Of the many memories left behind by this summer’s World Cup in the rainbow nation, among the most colourful will be the debate over the tournament’s unofficial soundtrack – the Vuvuzela.
The instrument, which has been described as producing a sound comparable to a swarm of bees, made a huge impact during South Africa’s inaugural hosting of the tournament, and received almost as much media coverage as the action on the pitch itself – most of it negative.
FIFA reluctantly agreed to permit their use throughout the historic World Cup – having already allowed them during the 2009 Confederations Cup – despite their own initial doubts regarding the safety of fans in the immediate vicinity.
As the 2010/11 domestic season fast approaches, German outfit Borussia Dortmund set the precedent by announcing that the plastic horns would be “forbidden” from the Westfalenstadion – and Tottenham Hotspur became the first Premier League side to follow suit this morning after a number of Championship clubs implemented their own restrictions last week.
Arsenal have since joined their North London rivals, stating that: “Further to their hugely debated involvement at this summer’s World Cup Finals in South Africa, Arsenal Football Club has decided to forbid the use of vuvuzelas within Emirates Stadium with immediate effect.
“This decision has been taken to ensure the enjoyment and safety of supporters on match days, which is of paramount importance to the Club.”
Other clubs not permitting entry with the instrument will include Fulham – who do not allow any musical instruments into Craven Cottage on match days anyway – and Everton, who have stated: “In the wake of the World Cup in South Africa we have received many emails from our supporters asking that we ban vuvuzelas on the grounds that they are simply irritating – but none urging us to permit their use at first-team fixtures.”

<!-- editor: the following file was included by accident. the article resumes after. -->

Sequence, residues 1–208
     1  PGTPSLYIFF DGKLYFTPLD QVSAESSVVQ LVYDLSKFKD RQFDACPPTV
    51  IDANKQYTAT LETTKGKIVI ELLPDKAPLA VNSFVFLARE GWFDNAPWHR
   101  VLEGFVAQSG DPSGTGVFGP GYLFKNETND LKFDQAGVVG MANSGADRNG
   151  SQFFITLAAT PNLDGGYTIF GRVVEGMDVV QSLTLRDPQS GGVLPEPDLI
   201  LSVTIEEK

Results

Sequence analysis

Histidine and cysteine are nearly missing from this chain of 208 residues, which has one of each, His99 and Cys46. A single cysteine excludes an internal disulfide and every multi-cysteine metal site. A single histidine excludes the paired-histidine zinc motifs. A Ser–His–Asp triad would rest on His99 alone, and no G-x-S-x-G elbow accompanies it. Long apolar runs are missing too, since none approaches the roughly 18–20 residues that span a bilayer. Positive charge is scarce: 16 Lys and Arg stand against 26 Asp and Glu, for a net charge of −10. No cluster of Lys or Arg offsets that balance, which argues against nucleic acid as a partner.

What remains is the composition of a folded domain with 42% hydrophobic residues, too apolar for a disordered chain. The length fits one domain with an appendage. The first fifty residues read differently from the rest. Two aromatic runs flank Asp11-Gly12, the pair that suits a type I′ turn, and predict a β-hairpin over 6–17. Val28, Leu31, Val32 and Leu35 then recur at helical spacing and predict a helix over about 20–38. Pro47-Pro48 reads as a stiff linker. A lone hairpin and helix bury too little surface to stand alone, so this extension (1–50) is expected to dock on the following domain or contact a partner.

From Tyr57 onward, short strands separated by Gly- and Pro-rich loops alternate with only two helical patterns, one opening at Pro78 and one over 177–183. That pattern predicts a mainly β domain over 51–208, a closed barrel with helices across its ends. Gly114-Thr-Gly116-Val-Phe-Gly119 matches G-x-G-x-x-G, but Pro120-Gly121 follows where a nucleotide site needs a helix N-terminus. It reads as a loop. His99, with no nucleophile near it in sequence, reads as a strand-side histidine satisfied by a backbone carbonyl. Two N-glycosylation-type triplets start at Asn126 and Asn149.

The Toffees deny being “killjoys,” claiming that the risk of FA sanctioning following past trouble with items being thrown onto the Goodison Park pitch has helped ensure the horn will not be making an appearance on the blue half of Merseyside this season, adding: “this is simply a measure which is designed to safeguard our reputation with the game’s governing bodies.”
Other clubs admit that they have yet to reach a decision, with last season’s new boys Wolves declaring their position by stating that while no official club ruling has yet been reached, discussions will take place at forthcoming planning meetings ahead of the new campaign.
While the vuvuzela may not be heard on many of England’s greenest fields this season, the sound of drums will still reign supreme at Bloomfield Road.
Championship Playoff winners Blackpool are facing their first top flight season for 41 years, and they do not appear to be worried about the potential imposition of the vuvuzela as their fans are used to singing to a different tune.
The Tangerines’ Press Officer and Club Secretary Matt Williams told ADL: “We are keen to ensure the atmosphere created by our supporters is better than ever before, and we will be challenging Drummer Hoggy to make more noise than vuvuzelas did this summer.”